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Proper soil management contributes to climate mitigation, FAO says. Photo: United Nations Development Programme in Europe and CIS Attribution-NonCommercial-ShareAlike 2.0 Generic (CC BY-NC-SA 2.0)United Nations Development Programme in Europe and CIS Attribution-NonCommercial-ShareAlike 2.0 Generic (CC BY-NC-SA 2.0)

Well managed soil can offset as much as 34% of agricultural emissions

"Best pratices help global soils to sequester enough carbon o offset up to one third of agricultural GHG emissions," says FAO. Here are two brand new practical tools
Dal 1990 ad oggi le emissioni dell'industria alimentare globale sono aumentate dell'8%. Foto: Pxfuel Free for commercial use, DMCA https://www.pxfuel.com/en/free-photo-oimhn

“Food system generates one third of all human-caused GHG emissions”

Historically underestimated, emissions from pre- and post-production activities weigh strongly on estimates of food industry's total climate footprint. Mr. Tubiello (FAO): "Zero balance is no longer enough, we need to reduce the impact of all sectors."
Global subsidies to agriculture are worth $540 billion, or 15% of production value. Agribusiness remains the main beneficiary. Photo: Pxhere CC0 Public Domain Free for personal and commercial use No attribution requiredPxhere CC0 Public Domain Free for personal and commercial use No attribution required

Global agriculture is supported by $470 bn in harmful subsidies, FAO says

87% of global agricultural subsidies lead to price distortions, climate damage and social inequality. That's why we must rethink them in a sustainable way. As some governments are already doing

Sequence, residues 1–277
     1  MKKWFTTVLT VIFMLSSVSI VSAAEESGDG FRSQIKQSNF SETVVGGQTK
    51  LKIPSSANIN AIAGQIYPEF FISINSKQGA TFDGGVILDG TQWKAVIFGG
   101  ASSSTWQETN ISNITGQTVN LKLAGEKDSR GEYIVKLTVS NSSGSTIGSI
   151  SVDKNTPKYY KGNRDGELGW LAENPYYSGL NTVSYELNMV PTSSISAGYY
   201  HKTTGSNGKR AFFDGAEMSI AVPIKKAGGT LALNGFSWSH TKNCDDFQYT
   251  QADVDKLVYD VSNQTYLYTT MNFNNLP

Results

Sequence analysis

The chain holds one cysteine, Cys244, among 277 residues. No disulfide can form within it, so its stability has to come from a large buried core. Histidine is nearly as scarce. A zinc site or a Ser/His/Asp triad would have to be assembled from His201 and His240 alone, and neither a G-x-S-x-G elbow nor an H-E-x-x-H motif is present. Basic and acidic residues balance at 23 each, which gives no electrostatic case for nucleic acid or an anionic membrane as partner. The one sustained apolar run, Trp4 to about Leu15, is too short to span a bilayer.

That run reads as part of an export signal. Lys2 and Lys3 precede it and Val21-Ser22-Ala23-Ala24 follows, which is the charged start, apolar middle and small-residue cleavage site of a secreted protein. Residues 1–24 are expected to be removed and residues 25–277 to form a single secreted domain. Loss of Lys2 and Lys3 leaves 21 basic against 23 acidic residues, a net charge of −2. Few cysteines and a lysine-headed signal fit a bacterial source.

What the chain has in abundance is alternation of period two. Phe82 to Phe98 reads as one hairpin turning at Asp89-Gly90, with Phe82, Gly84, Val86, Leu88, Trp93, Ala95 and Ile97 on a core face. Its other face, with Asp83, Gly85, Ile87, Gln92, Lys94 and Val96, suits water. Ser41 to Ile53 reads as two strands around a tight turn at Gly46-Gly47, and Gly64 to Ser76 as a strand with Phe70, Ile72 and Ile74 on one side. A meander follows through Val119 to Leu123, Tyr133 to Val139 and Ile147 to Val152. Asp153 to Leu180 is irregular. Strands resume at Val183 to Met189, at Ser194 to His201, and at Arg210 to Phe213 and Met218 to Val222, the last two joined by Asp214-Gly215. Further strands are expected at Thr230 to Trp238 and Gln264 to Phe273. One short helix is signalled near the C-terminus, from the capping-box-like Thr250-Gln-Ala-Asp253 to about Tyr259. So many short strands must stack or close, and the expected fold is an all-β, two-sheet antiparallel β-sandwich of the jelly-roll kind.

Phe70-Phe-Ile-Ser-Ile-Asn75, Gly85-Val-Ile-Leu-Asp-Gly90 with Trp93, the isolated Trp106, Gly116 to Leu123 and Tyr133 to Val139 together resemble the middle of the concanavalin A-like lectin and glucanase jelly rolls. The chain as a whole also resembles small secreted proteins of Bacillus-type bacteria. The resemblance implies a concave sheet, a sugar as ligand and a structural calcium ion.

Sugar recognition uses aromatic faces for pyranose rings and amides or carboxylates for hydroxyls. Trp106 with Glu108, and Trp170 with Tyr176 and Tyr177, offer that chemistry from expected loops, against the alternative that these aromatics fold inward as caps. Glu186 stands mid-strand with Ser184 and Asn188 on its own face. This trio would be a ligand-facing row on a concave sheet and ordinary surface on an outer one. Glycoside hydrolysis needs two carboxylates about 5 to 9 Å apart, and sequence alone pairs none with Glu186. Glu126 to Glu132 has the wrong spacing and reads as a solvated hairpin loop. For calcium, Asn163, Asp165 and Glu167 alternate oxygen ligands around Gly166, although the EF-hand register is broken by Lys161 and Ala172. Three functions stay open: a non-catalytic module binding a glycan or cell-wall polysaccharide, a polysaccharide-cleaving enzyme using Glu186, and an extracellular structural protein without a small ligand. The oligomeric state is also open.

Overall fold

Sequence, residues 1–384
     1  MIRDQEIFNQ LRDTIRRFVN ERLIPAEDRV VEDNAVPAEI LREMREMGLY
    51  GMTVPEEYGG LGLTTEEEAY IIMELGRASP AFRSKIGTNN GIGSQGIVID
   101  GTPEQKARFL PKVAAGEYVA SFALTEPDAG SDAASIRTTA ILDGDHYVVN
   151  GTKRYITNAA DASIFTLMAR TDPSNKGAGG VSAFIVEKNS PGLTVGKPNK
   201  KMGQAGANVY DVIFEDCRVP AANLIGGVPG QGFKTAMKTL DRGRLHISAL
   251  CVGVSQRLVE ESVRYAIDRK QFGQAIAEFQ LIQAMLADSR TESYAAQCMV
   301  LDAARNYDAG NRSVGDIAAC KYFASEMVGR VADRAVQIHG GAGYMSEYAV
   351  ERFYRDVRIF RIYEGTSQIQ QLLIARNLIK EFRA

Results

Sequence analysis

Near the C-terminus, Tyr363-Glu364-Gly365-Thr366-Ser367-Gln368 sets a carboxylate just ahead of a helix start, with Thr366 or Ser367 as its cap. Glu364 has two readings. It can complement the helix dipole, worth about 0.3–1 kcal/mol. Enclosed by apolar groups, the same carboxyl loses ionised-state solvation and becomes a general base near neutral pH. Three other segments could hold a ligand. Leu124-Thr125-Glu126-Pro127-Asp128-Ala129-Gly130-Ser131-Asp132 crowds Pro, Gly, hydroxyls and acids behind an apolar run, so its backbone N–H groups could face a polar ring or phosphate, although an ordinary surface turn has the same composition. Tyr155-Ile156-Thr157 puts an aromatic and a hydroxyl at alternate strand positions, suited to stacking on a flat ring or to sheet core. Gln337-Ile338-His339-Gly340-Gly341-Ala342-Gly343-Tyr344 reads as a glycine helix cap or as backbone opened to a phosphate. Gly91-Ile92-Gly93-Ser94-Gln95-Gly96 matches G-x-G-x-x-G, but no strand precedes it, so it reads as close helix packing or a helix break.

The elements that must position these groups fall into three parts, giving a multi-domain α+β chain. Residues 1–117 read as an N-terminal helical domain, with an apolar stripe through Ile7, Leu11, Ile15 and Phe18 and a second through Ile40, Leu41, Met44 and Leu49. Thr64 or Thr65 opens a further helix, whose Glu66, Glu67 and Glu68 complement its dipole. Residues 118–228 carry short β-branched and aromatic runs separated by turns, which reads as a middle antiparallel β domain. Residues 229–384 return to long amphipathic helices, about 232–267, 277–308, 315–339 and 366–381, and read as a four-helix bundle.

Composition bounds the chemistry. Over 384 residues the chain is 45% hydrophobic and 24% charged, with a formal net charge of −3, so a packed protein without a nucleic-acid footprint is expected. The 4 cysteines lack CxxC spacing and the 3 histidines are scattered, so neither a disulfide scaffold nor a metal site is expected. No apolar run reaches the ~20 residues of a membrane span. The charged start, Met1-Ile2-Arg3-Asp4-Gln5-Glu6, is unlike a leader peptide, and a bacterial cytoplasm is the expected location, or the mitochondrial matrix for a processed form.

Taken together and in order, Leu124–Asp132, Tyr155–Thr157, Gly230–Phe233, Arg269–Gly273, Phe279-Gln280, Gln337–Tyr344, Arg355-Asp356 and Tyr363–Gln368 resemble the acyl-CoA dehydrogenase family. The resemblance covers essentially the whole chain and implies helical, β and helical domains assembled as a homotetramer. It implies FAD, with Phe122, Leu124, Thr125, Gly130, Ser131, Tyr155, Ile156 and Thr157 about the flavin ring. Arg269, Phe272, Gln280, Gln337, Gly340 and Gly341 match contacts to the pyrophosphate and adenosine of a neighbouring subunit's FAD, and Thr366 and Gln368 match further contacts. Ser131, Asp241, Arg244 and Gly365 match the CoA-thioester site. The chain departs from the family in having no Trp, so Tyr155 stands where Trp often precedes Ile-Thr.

Riau, Indonesia. In the Asian nation, illicit timber trade is estimated to account for 40 % of the market. Photo: Romain Pirard/CIFOR Attribution-NonCommercial-NoDerivs 2.0 Generic (CC BY-NC-ND 2.0)Romain Pirard/CIFOR Attribution-NonCommercial-NoDerivs 2.0 Generic (CC BY-NC-ND 2.0)

FAO launches a new digital tool to fight timber predators

A web tool to defend forests from timber predators will help UN organization to tackle a $100 billion business
There is a clear link between the development of sustainable agriculture and a healthy diet, FAO says. Photo: UGA CAES/Extension Attribution-NonCommercial 2.0 Generic (CC BY-NC 2.0)UGA CAES/Extension Attribution-NonCommercial 2.0 Generic (CC BY-NC 2.0)

Sustainable agriculture is the leading way to a healthy diet, FAO says

Healthy diet is crucial for changing global trends. Food insecurity is affecting 155 mn people while obesity is growing in Southern Europe
Soil restoration is essential to prevent ecosystem collapse. Photo: Raquel Maia Arvelos/CIFOR Attribution-NonCommercial-ShareAlike 2.0 Generic (CC BY-NC-SA 2.0)Raquel Maia Arvelos/CIFOR Attribution-NonCommercial-ShareAlike 2.0 Generic (CC BY-NC-SA 2.0)

Every $1 invested in soil restoration creates up to $30 in economic benefits, UN says

Soil restoration must be implemented on 2 billion hectares. Half of the area needs to recover by 2030 according to FAO and UNEP.
FAO's "Keep soil alive!" mission initiatives include educational videos on soil conservation. Image: FAO, YoutubeFAO

A videogame style cartoon shows kids why soil can’t handle a game over

A videogame shaped cartoon called "Mission: Keep soil alive!" has been released by FAO to show why soil protection matters for everybody
Few data and one truth according to FAO: soil pollution is one of the most dangerous global threats. Photo: Pixabay License Free for commercial use No attribution requiredPixabay License Free for commercial use No attribution required

Soil pollution is responsible for 20% of agricultural productivity loss, FAO warns

New FAO report on global land pollution unveiled. The size of the problem is known, the lack of data weighs. Now is certainly time to act
Biodiversity and soil diversity are featured in FAO's book project. Image: FAO Attribution-NonCommercial-ShareAlike 3.0 IGO (CC BY-NC-SA 3.0 IGO)FAO Attribution-NonCommercial-ShareAlike 3.0 IGO (CC BY-NC-SA 3.0 IGO)

FAO launches soil biodiversity for kids

Ten stories to explain soil biodiversity. A new initiative by FAO raise awareness among children about the ecosystem's role.
Environmental DNA (eDNA) offers more clear benefits than traditional techniques for soil ecosystem analyse. Photo: U.S. Army, Jessica Vandrick Attribution-NonCommercial 2.0 Generic (CC BY-NC 2.0)U.S. Army, Jessica Vandrick Attribution-NonCommercial 2.0 Generic (CC BY-NC 2.0)

eDNA discloses the secrets of soil and helps us to protect it

eDNA enables scientists to extend their analyses of soil and ecosystems beyond the limits of traditional indicators